Ocean Isle – June 8, 2017
Jeff, of Ocean Isle Fishing Center, reports that anglers targeting speckled trout are seeing above average action for this time of year. Most fish have been landed while using live shrimp or mud minnows under popping corks, but anglers electing to throw artificials are having luck on Vudu shrimp. Working ledges and drops near oyster banks has accounted for most of the specks being caught.
Flounder have been landed by anglers fishing mud minnows on Carolina rigs. The flounder have been mostly undersize, but some fish have been in the 15-18” range.
Redfish are still feeding in the area creeks and flats. Anglers are having the most luck tossing live mullet on Carolina rigs during the last part of the falling tide, and targeting deeper holes near oyster structure has also produced good numbers of slot reds.
Derek, of Ocean Isle Fishing Center, reports that the nearshore spanish fishing has been less consistent because of dirty water in the area. Some days anglers are bringing back only 3-5 fish, and then other days are seeing catches of 10+ fish. Most spanish are running in the 12-15” range and being caught while trolling Clarkspoons at 5-7 knots.
Shark fishing has kept anglers busy, and the best technique has been drifting with fresh cut bait or while fishing behind shrimp boats.
In the 20 mile range, the small kings are feeding and are averaging 10-12 lbs. Out further to 30 miles, the kings are considerably larger (in the 15-20 lb. range). Most king bites are coming on dead cigar minnows trolled on two-hook king rigs or by slow trolling live menhaden.
When dropping to the bottom, anglers are hooking up with vermilion snapper, gag grouper, and black sea bass (in the 13-15” range). Anglers have had the most success using fresh cut bait on the standard two-hook drop rig.
The 45-65 mile range has not produced well and has had dirtier than usual water.
Shane, of Fin-Fisher Charter Service, reports that the topwater speckled trout bite continues to remain hot for anglers willing to fish early mornings. The Zara Spook Jr. has been the top producing topwater bait. Light lining pogies has also been an effective method for hooking trout. Anglers are finding the best success near moving current in around 9’ of water.
The redfish have started to feed heavily on live pogies, and many fish are in the 24-25” range. Healthy numbers of redfish, in to the double digits per trip, have been landed while fishing docks and structure in the intracoastal waterway.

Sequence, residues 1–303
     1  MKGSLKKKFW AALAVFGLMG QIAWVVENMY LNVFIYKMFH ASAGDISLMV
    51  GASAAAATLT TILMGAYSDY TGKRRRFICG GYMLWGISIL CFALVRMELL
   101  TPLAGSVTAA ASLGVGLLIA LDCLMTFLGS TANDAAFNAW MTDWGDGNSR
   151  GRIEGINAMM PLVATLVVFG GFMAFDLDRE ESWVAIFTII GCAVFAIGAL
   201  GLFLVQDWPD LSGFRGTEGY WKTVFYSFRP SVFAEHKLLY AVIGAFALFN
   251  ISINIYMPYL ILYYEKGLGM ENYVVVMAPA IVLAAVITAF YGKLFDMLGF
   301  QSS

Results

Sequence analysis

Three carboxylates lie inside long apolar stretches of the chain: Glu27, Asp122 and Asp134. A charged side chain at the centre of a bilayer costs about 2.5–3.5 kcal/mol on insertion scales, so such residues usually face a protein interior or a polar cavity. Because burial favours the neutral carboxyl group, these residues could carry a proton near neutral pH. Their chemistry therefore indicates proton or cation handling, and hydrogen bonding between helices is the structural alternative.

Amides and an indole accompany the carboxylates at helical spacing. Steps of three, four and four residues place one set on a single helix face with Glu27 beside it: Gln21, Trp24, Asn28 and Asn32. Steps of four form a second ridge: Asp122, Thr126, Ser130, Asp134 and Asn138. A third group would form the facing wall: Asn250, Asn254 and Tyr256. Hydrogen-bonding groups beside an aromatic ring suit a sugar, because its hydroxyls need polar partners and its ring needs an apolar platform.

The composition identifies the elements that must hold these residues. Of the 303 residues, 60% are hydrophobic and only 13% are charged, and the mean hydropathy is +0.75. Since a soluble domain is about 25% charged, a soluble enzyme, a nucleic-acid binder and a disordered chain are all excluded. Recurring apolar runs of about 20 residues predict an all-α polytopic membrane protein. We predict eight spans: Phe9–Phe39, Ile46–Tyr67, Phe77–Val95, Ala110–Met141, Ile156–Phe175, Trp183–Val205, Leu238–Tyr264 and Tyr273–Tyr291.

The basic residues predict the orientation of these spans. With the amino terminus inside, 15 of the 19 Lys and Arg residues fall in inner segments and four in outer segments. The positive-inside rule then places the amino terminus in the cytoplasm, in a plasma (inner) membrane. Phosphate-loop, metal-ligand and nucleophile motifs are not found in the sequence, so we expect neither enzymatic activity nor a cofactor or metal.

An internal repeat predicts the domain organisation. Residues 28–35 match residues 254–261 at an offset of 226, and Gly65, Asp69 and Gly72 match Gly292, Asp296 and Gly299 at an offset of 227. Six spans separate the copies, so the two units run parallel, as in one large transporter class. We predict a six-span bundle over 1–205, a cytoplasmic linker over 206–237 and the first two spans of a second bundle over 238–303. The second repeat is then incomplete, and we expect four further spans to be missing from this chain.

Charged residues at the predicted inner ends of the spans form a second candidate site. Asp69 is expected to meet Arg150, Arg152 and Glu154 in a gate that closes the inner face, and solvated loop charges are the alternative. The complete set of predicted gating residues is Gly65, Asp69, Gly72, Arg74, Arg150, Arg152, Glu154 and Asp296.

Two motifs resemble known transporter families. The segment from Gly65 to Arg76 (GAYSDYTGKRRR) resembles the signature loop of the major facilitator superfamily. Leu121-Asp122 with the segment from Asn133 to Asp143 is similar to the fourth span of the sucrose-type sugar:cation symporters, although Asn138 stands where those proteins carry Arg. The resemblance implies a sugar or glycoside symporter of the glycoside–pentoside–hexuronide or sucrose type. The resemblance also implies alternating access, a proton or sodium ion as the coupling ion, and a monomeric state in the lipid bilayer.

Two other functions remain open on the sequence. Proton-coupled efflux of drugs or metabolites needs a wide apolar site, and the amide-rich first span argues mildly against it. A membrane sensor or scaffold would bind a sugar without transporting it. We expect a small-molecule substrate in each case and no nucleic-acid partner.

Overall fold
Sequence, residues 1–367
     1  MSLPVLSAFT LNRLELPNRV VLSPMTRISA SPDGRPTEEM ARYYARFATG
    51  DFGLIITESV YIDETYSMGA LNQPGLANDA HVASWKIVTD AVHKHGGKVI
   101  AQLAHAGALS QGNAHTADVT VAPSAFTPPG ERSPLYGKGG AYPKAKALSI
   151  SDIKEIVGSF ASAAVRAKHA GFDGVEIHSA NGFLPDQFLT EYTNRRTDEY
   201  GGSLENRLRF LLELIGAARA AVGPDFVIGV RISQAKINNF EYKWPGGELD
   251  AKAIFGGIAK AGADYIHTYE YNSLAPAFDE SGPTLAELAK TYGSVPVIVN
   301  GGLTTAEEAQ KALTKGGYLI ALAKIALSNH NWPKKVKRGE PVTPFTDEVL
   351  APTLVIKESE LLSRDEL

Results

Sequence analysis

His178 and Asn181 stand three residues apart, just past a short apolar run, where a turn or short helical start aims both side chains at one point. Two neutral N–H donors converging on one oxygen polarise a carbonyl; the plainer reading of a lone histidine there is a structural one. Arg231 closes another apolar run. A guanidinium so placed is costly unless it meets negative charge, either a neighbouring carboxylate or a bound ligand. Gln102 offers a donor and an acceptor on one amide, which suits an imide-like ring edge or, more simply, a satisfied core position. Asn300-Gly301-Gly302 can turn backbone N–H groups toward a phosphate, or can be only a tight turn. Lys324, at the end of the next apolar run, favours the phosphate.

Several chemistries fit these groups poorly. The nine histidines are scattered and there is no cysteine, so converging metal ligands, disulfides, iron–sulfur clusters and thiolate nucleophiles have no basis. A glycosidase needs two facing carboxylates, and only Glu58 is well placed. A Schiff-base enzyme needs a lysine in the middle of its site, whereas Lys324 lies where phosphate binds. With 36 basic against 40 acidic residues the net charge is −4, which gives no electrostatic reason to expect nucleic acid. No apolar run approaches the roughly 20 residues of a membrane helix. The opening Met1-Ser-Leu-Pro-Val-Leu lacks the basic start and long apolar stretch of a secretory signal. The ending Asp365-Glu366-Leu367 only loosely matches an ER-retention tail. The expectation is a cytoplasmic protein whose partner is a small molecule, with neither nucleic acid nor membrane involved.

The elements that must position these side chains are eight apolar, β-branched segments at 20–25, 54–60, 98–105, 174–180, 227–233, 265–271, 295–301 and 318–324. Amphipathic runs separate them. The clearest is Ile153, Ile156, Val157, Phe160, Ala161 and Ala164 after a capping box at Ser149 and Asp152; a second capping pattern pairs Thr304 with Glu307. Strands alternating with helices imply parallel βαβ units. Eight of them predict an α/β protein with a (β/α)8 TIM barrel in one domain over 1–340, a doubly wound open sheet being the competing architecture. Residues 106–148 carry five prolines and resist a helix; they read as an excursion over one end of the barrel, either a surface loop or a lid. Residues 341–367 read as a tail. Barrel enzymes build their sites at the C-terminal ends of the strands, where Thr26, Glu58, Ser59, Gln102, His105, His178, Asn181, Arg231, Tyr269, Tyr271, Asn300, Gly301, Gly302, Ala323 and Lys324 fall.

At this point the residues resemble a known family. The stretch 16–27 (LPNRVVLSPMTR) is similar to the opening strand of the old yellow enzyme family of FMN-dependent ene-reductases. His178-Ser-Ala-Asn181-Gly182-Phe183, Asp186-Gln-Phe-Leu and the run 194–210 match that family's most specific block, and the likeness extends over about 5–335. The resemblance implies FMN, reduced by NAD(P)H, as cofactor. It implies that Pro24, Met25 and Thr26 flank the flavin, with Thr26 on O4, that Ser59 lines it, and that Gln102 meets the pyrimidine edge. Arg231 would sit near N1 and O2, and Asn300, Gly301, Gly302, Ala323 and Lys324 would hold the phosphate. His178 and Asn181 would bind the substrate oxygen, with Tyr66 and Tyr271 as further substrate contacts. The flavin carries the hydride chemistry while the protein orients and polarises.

Flounder fishing has heated up due to the presence of more baitfish in the area. Anglers are landing flounder in the 3-4 lb. class while fishing bucktails tipped with strip bait. Fishing marsh edges for the flatfish has been the most productive way to put numbers of fish in the boat.
Kevin, of Rigged and Ready Charters, reports that the nearshore spanish bite has slowed down due to the dirty water, but the sharks are feeding heavily around the mouth of the Cape Fear River. Drifting cut baits while using chum bags has produced blacktip sharks in the 100-150 lb. range.
In the 20 mile range, anglers are hooking kings while trolling cigar minnows and ballyhoo.
Offshore, the bottom fish have been feeding on squid and cigar minnows on the classic two-drop rig. Anglers are pulling up scamp grouper, beeliners, triggerfish, gag grouper, and amberjacks.
Cecil, of Rod and Reel Shop, reports that anglers fishing inshore have landed 2-3 lb. flounder consistently, and some fish have pushed the 27-28” range. Live peanut pogies and mud minnows have been the top baits for the flatfish.
Redfish and black drum have also been feeding in the area. Live shrimp fished on the bottom has been the ticket to boating black drum. The redfish have been prone to feed on live mud minnows fished under floats or on Carolina rigs. Sheepshead are also feeding around area docks and structure and are most willing to take a fiddler crab as their meal.
Nearshore anglers are finding spanish right off the beach, and most spanish have been caught while trolling Clarkspoons. Kings have been scattered in the 10-15 mile range. The top baits have been Drone spoons and cigar minnows.
Kyle, of Speckulator Inshore Fishing Charters, reports that the speckled trout bite continues to be consistent, but the sizes of fish vary greatly. Most fish have been in the 2-3 lb. range, but a few citation-sized fish have ben landed in the 6-7 lb. range. The trout are most active when using live shrimp under a popping cork.
Redfish and black drum have also been feeding in the same areas as the trout. When fishing the creeks for redfish, anglers are seeing fish in the 16-20” range while using mud minnows on Carolina rigs. The black drum are also mostly in the creeks and have been feeding best on live shrimp.
Flounder have been active in the Cherry Grove and Tubbs Inlet areas. Mud minnows on Carolina rigs have been the go to rig for the flatfish. Anglers are connecting with fish in the 2-3 lb. class but have landed fish as big as 7 lbs. in these areas.
Bob, of Ocean Isle Beach Fishing Pier, reports that anglers fishing live shrimp from the pier have landed good numbers of keeper speckled trout. Those electing to fish fresh shrimp on bottom rigs have landed black drum, whiting, and undersized to just legal flounder.